Quick Facts

Quick facts

  • Buffalo Burr (Solanum rostratum) is a prickly annual herb with yellow flowers and very spiny, dry fruits.
  • It is found in the wheatbelt areas of southern mainland Australia.
  • It is a minor weed mainly on cropping and pasture land, but also on roadsides.
  • Effective seed dispersal occurs by attachment of burr fruit to wool (on sheep), on clothing and other fabrics and also when the spent plant is blown around, shedding seed.
  • The prickly fruits can cause physical injury to humans and stock.

What Does It Look Like?

What is it?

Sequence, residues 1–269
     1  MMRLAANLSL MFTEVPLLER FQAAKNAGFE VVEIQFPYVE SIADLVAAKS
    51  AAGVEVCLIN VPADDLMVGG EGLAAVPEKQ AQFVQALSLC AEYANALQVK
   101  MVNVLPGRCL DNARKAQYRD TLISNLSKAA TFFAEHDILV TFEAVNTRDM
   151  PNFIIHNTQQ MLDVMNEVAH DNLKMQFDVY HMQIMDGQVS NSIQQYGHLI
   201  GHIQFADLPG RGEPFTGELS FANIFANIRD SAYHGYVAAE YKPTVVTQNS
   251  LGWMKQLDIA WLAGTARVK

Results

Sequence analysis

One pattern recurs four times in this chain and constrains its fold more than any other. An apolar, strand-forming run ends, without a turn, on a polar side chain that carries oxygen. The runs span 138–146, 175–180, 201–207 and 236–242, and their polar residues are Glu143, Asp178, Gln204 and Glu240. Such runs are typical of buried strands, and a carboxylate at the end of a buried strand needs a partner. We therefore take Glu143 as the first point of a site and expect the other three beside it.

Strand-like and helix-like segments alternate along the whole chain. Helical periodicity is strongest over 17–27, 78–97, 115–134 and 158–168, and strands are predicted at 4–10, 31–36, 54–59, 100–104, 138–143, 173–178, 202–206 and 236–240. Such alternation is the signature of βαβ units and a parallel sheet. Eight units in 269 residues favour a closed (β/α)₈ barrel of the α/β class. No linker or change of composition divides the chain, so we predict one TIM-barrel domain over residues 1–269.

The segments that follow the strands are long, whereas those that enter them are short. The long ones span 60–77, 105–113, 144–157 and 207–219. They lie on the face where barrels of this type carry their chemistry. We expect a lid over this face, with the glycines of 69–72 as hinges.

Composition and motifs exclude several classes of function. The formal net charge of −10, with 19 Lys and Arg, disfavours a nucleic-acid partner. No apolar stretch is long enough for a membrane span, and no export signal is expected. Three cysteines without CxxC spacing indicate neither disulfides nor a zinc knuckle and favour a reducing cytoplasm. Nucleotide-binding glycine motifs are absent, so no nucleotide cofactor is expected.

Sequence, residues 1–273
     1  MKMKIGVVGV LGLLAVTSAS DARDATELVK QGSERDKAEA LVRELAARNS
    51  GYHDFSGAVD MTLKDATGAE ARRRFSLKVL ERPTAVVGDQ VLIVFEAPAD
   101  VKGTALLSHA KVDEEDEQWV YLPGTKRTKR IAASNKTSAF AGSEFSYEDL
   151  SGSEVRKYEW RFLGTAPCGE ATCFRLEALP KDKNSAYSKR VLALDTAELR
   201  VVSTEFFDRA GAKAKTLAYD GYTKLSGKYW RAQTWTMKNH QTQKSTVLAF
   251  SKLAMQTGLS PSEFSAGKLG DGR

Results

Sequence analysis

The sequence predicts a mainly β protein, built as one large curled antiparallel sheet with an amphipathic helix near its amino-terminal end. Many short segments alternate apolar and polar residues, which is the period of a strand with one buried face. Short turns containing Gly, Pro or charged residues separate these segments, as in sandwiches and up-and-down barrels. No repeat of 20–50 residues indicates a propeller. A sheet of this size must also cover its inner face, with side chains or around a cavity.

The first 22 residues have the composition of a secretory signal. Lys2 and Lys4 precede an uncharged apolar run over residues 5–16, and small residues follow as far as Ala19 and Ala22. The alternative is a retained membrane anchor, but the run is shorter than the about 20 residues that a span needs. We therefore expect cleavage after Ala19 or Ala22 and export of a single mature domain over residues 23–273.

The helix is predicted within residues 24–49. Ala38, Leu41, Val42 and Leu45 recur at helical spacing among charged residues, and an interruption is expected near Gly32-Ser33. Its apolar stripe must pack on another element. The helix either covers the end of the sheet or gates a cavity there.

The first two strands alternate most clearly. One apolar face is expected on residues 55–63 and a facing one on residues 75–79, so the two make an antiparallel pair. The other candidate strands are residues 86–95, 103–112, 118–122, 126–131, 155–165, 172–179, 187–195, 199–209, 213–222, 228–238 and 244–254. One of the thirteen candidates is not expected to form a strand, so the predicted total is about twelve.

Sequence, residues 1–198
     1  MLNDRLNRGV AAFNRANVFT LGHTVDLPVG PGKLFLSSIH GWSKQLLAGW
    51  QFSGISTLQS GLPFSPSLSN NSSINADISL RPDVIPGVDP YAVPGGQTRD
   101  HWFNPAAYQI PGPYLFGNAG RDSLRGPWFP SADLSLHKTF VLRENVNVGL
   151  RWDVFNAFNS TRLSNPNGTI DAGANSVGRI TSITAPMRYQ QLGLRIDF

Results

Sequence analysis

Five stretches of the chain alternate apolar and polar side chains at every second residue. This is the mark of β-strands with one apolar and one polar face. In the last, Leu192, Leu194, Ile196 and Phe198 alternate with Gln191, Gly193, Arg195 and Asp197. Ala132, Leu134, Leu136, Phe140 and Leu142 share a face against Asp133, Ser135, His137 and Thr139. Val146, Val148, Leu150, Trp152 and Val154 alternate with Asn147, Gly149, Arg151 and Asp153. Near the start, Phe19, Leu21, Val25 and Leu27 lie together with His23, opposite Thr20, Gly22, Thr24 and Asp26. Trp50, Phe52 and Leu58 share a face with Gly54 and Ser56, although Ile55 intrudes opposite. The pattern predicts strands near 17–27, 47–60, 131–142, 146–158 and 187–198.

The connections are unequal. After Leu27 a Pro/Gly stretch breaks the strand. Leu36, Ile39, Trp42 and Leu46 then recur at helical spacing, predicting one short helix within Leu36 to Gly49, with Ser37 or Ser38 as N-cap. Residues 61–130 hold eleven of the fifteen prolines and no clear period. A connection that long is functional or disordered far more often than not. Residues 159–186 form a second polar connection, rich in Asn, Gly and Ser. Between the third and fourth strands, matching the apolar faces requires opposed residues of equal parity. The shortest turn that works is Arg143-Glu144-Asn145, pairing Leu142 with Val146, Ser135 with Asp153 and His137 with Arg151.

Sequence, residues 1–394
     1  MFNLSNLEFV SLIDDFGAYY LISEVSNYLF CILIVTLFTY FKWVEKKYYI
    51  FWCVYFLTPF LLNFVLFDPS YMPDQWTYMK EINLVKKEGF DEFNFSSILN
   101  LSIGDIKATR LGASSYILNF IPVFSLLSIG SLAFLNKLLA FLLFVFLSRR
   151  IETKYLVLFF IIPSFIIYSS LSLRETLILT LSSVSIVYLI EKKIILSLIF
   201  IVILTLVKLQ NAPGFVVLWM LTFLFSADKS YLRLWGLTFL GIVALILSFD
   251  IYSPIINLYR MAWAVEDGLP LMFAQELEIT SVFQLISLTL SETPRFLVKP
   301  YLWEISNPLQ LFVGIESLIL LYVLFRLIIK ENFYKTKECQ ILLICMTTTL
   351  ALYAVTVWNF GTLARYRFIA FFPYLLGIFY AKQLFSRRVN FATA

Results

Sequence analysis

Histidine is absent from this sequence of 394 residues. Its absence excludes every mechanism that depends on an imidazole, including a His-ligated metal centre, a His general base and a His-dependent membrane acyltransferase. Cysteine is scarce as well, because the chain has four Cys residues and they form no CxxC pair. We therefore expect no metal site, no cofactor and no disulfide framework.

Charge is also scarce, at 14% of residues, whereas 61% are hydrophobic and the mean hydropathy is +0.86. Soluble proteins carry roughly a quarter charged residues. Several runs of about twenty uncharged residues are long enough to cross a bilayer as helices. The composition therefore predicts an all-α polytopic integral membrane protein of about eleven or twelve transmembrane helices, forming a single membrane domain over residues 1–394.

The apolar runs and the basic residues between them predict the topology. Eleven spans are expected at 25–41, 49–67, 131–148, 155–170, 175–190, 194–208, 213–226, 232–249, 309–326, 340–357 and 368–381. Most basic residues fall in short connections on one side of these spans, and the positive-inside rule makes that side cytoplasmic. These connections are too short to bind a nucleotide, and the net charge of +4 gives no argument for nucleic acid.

Buffalo Burr (Solanum rostratum) is a sprawling annual herb that grows commonly around 0.2–0.4 m high and diameter, but may at times reach 1m high and diameter. The stems are mid to greyish green, with a covering of minute star-shaped hairs as well as unbranched sticky hairs; they also bear fairly frequent sharp, straw-coloured prickles up to 10 mm long. The  leaves are arranged alternately along the stem, they are stalked (the stalks up to 50 mm long), mid green or greyish-green above and below, with a covering of hairs as on the stems; they are ovate in outline (oval with the widest point below the middle), sometimes narrowly so, 20–100 mm long and 10–80 mm wide, deeply lobed (cut from three quarters of the way to almost all the way to the midrib), with 3–4, wavy-edged, rounded lobes on each side; they also have numerous straight, needle-like prickles up to 6–10mm long on both the upper and lower surfaces.